Among the many interesting elements of Joan Micklin Silver’s 1979 title Chilly Scenes of Winter is the film’s troubled theatrical release. Based on a celebrated 1976 novel by Ann Beattie (to date, the only film feature adaptation of her work), US distributor United Artists released the film in 1979 as Head Over Heels with a tacked on happy ending, which was not in keeping with the spirit of the material. Bombing at the box office, Micklin somehow managed to finagle a new version, replete with using the title of the source novel and outfitting it with an appropriate melancholy finale, which managed a box office profit when United Artists Classics re-released theatrically in 1982. Supported by fine performances from a sterling cast, this bemused sigh of a film ranks as one of Micklin’s best, though like much of her filmography has faded into obscurity.
Charles Richardson (John Heard) works as a civil servant for the Department of Development in Salt Lake City, Utah. Living a stable existence and accompanied by his friend Sam (Peter Riegert), an out of work salesman who lives with him, the only thing Charles lacks is romance, although lately he’s been forced to contend with his mother’s (Gloria Grahame) increasingly volatile behavior as she seems to have been swept away into an eternal emotional crisis. One day, he happens to meet Laura (Mary Beth Hurt) in the filing department at his job, a woman who has recently left her husband, Ox (Mark Metcalf), a log home salesman. Charles becomes infatuated with Laura, and she responds in kind—until she decides to give it another go with Ox for the sake of her child. But Charles can’t shake the feelings he has for Laura.
Throughout the 1970s and 1980s, Joan Micklin Silver was on the frontlines of indie filmmaking, one of the few notable women directors to have met box office and critical success during her most notable periods. Perhaps best remembered for the Amy Irving romantic comedy Crossing Delancey (1988) or the dysfunctional family comedy Big Girls Don’t Cry…They Get Even (1992), her treatment of the Ann Beattie novel is almost unfashionably and soberlingly adult.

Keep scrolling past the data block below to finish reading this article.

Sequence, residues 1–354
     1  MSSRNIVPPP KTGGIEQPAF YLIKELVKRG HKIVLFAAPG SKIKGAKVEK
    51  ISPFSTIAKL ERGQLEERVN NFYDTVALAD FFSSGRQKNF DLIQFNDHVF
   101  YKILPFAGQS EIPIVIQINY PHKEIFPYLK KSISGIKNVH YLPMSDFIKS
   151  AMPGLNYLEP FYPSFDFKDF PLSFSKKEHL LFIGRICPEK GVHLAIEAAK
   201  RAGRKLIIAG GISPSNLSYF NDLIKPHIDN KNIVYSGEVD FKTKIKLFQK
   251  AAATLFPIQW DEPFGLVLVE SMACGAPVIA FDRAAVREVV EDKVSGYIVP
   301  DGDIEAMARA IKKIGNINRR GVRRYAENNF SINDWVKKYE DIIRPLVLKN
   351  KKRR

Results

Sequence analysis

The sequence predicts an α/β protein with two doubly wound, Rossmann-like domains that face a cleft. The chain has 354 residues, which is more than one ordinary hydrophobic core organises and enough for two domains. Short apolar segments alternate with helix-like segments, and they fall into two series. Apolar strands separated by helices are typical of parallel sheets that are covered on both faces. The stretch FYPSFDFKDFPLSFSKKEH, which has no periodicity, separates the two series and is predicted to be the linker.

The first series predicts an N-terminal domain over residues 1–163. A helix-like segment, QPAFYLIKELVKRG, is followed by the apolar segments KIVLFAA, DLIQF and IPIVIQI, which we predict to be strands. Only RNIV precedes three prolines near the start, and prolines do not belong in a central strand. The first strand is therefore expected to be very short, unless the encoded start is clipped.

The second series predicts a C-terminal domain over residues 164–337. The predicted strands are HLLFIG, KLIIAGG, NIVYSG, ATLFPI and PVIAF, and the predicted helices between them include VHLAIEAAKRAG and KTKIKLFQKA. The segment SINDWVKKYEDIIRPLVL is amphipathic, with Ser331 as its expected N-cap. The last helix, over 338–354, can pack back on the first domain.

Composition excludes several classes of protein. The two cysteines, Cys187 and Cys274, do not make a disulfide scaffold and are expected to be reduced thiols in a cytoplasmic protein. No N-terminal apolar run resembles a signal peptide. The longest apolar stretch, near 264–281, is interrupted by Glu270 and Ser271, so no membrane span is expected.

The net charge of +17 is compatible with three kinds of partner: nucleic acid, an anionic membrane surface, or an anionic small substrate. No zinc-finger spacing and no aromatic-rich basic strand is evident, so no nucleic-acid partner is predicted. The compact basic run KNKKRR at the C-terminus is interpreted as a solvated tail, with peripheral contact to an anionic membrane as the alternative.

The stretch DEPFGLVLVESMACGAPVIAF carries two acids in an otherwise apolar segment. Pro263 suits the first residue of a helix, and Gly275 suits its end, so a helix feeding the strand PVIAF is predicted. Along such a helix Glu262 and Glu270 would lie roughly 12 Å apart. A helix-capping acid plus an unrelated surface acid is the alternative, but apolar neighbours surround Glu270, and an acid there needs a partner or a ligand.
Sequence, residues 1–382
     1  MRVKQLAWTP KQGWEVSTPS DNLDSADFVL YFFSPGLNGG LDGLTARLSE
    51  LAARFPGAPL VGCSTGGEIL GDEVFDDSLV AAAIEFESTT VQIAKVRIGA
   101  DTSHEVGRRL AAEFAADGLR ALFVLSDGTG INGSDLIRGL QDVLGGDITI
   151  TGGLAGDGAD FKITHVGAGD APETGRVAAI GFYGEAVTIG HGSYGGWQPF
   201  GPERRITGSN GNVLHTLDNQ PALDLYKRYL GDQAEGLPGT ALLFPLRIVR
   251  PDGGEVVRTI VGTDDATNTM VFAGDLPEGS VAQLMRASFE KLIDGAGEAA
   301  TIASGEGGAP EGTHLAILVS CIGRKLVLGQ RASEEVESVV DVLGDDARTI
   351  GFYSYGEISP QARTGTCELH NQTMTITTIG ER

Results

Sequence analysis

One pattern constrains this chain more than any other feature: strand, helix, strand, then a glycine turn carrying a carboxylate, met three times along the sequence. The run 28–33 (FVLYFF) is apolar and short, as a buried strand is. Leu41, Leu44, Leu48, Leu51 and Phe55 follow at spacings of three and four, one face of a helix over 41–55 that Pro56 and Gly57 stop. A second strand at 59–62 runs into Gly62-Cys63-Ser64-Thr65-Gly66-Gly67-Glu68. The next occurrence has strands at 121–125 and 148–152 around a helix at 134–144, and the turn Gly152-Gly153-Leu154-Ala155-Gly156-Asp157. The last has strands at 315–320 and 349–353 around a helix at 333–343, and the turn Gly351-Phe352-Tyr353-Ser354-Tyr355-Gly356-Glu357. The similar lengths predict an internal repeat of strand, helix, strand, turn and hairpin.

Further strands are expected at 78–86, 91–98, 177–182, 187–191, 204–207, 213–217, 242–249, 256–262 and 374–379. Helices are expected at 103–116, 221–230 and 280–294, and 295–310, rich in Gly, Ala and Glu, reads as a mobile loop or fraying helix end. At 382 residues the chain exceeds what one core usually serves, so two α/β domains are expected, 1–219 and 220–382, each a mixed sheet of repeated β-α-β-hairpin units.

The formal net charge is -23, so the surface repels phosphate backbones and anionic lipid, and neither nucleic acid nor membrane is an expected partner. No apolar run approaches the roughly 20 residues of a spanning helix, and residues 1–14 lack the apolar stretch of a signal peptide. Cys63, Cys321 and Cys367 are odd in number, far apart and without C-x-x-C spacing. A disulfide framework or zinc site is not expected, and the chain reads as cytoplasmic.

The gripes and foibles of its Salt Lake City set of characters couldn’t be more banal in their limited universe, tethered to impossible notions of love (at least judging from the tortured choices they all seem to be making), and yet, it’s this authenticity which also makes it simultaneously compelling. Take a conversation between Charles and Laura after they leave a porno theater (a conscious choice on Laura’s part to see what all the excitement was about). In an effort to cheer her, Charles states Laura is prettier than the actress in the film which sets off a tirade concerning his exaggeration of her beauty and abilities. Though self-deprecating, this is all about the rosy tinted impossibility of our projections upon the objects of our affections, played with supreme aplomb by Mary Beth Hurt in one of her best on-screen monologues (and remember, this arrived in the same period as The World According to Garp and Interiors).
To see John Heard and Peter Riegert so impossibly young is also reason enough to revisit the film, the two actors sporting a likeable camaraderie, especially in the film’s most tense sequence where they visit Laura’s home under the guise of purchasing from her husband’s business (Mark Metcalf, trying to be the lummox suggested by his character name, Ox). Upon Ox’s assumption the two men who live together are gay, minor hilarity ensues until Heard brashly and unabashedly proclaims his love for Laura.
Micklin’s film takes pains to show the cyclical discord of troubled relationships, including the tendencies adopted from one’s parents. A game Gloria Grahame stars as Heard’s crisis prone mother, a woman who takes too many laxatives then gets into the bathtub and calls her adult children for help. Character actor Kenneth McMillan stars as Grahame’s sad sack husband (he would play a similar husk of befuddled masculinity in 1981’s Eyewitness from Peter Yates, opposite William Hurt as his son) and the pair of them add a sense of morose comedy, particularly in a bizarre hospital sequence featuring character actress Frances Bay. Blink and you’ll miss a small role for Griffin Dunne (who produces and also starred in Silver’s Big Girls Don’t Cry) as Heard’s sister’s (Tarah Nutter) boyfriend, while Nora Heflin (niece of Van) stars as a flirtatious co-worker of Heard’s who gets excited about making dips for cocktail parties.
Twilight Time releases this limited edition (3,000 units) in 1.85:1 High definition with 1.0 DTS-HD Master Audio. Picture and sound quality are well tuned (as usual, an isolated music track is included, featuring a score from Ken Lauber), and writer/director Joan Micklin Silver provides an audio commentary track alongside producer Amy Robinson.
A touching, acutely observed depiction of troubled romance, Joan Micklin Silver’s Chilly Scenes of Winter walks a fine line between absurdity and dolorousness and succeeds with sincerity.
Film Review ★★★½/☆☆☆☆☆
Disc Review ★★★½/☆☆☆☆☆